I can understand this through various examples found in the internet but I can't quite intuitively understand why the determinant of the derivative(in its most general form)-the Jacobian-gives the change of volume factor that arises when we change variables in, say, an integral.

I mean, why does the determinant of the matrix consisting of the derivatives of the original variables wrt the new variables give a number that corresponds to how much the infinitesimal volume has changed?

How can we geometrically connect the derivatives that are the components of the Jacobian with the aforementioned change of volume?


1 Answer 1


The intuition has (at least) two pieces:

  1. Let $f : X \to Y$ be a diffeomorphism between open domains in $R^n$. Then for $x \in X$, The Jacobian at $x$ locally approximates f by a linear change of variables. (It is the linear transformation that is arbitrarily indistinguishable from your actual diffeomorphism as you zoom into a x, i.e. take smaller and smaller neighborhoods. This is the definition of the derivative, which is what the Jacobian is. One can prove that the definition of all those partial derivitves gives this derivative - I think it is best to think of the Jacobian as THE derivative, and then think of the computation with partials as a theorem about how to compute it.)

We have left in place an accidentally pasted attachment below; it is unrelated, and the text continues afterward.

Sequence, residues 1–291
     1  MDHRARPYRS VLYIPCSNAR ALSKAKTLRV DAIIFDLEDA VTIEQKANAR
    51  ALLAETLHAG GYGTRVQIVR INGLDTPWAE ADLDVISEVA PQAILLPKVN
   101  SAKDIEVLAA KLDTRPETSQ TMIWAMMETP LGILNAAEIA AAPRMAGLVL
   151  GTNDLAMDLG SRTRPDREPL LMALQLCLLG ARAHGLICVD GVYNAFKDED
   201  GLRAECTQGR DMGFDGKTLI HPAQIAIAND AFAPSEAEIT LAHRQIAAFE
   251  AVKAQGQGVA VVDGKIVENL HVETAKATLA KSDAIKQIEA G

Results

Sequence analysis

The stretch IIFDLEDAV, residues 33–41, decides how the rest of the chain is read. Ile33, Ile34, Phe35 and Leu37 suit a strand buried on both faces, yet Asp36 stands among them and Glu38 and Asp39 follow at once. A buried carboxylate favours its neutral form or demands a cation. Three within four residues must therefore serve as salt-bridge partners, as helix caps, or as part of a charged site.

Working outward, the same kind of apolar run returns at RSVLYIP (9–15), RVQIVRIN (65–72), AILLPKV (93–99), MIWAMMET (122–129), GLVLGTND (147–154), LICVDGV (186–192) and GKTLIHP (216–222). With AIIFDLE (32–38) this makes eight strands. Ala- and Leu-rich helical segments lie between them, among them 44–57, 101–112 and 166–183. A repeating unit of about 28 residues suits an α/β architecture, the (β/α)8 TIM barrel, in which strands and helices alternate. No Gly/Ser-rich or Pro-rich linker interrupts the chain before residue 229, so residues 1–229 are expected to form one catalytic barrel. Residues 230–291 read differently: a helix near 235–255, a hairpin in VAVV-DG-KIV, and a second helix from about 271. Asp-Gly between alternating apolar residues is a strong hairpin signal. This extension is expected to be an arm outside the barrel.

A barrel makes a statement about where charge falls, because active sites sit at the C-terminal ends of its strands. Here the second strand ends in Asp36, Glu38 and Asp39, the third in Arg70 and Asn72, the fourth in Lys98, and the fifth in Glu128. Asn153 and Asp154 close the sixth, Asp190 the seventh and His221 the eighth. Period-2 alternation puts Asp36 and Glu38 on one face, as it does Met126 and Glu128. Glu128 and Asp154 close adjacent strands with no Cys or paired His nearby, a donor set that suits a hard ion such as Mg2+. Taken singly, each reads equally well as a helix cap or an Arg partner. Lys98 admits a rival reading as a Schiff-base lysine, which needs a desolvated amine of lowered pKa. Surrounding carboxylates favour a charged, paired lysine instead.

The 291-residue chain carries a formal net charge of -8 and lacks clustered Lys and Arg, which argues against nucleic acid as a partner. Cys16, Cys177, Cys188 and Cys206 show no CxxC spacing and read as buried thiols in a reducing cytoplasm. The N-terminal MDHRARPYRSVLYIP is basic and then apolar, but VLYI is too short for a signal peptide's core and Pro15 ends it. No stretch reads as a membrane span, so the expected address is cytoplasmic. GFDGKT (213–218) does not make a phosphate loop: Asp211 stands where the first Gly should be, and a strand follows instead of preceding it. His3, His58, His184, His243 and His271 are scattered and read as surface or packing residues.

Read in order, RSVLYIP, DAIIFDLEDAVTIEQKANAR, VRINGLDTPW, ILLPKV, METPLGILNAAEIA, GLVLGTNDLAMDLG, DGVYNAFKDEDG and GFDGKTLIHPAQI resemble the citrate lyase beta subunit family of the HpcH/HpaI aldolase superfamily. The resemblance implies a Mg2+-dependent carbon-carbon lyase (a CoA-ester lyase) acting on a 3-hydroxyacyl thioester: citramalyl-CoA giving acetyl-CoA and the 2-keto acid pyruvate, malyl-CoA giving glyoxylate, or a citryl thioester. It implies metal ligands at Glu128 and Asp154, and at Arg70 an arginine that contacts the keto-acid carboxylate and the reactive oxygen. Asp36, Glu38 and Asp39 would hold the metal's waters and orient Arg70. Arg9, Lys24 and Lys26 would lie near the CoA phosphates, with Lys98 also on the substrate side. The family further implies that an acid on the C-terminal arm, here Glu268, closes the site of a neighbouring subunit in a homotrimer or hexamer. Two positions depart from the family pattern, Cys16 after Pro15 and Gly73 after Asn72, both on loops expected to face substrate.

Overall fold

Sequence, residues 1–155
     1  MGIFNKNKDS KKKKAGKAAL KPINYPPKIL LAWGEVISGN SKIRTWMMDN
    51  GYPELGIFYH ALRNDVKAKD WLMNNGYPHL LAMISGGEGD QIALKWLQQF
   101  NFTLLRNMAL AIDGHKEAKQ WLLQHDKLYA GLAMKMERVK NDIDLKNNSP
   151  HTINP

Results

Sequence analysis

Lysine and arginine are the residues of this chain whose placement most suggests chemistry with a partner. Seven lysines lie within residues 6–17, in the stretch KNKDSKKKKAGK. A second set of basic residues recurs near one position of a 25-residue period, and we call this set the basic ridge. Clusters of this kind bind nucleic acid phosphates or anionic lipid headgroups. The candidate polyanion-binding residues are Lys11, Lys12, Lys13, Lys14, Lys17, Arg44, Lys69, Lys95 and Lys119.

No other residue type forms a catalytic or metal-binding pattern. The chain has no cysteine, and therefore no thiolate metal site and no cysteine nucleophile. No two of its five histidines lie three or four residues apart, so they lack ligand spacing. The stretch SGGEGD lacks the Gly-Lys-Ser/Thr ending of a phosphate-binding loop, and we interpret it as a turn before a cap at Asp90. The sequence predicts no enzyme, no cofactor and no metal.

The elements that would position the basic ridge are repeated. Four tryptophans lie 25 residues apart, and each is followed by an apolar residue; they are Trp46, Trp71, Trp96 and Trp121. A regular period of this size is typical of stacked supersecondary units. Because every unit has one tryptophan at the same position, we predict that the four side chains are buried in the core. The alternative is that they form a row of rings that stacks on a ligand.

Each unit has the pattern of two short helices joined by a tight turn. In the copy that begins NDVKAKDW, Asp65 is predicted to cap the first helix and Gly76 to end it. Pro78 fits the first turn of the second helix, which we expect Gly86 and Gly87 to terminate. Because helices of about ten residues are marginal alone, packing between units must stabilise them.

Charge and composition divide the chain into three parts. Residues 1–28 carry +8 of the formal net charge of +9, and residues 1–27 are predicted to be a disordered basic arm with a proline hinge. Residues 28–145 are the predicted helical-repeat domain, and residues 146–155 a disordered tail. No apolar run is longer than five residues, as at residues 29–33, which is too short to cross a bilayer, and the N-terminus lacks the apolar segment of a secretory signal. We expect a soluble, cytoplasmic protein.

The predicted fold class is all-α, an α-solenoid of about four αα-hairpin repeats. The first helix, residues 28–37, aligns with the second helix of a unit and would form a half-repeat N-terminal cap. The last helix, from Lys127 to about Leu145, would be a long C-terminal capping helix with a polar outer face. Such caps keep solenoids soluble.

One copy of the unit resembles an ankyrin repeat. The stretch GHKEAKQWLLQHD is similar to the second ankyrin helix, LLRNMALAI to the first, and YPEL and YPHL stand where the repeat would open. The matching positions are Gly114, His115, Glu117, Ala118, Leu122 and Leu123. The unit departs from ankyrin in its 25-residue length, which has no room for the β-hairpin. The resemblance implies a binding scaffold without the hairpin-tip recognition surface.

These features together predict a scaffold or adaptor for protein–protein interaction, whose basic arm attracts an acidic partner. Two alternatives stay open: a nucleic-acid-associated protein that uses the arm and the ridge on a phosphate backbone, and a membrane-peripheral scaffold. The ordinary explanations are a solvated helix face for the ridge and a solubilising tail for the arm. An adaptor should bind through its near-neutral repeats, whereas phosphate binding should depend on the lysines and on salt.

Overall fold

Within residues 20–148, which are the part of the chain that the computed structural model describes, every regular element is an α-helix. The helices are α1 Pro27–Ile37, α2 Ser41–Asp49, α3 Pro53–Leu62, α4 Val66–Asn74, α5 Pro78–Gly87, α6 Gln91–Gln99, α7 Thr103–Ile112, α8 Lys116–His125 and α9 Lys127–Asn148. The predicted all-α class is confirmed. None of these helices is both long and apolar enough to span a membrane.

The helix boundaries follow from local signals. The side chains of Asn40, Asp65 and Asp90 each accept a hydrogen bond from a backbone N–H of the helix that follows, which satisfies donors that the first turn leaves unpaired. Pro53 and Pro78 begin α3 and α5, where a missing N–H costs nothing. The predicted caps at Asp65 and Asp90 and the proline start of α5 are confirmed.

2. The determinant of a linear transformation measures how volume changes. EDIT: I think it is helpful to feel convinced that volume scaling is multiplicative (forgetting the formula for the determinant for a moment), and that for elementary matrices the volume scaling agrees with the determinant (where it is essentially a bunch of verifications in $\mathbb{R}^2$). Now use that every matrix can be written as a product of elementary matrices (which is intuitive, since you can think of moving the basis to a new basis by adjusting via scaling and swaps and skews two vectors at a time.) Now the only question that remains is why the formula for the determinant is multiplicative, and this is best seen for example by using the exterior powers and functoriality.

Putting these things together, one sees that if we cared about how a little area patch changed nearby a point, the determinant of the Jacobian gives a very good approximation of it. Taking it to the limit, so to speak, and integrating, we get a complete description of area distortion. The rest is (hard) calculus and analysis, and the proof is quite involved, if memory serves.

  • $\begingroup$ But, why is the second point true? I mean, this is the true essence of my question, right? $\endgroup$ Commented Sep 12, 2016 at 6:18
  • $\begingroup$ @TheQuantumMan I updated my answer. I hope it helps. $\endgroup$
    – Elle Najt
    Commented Sep 12, 2016 at 14:14

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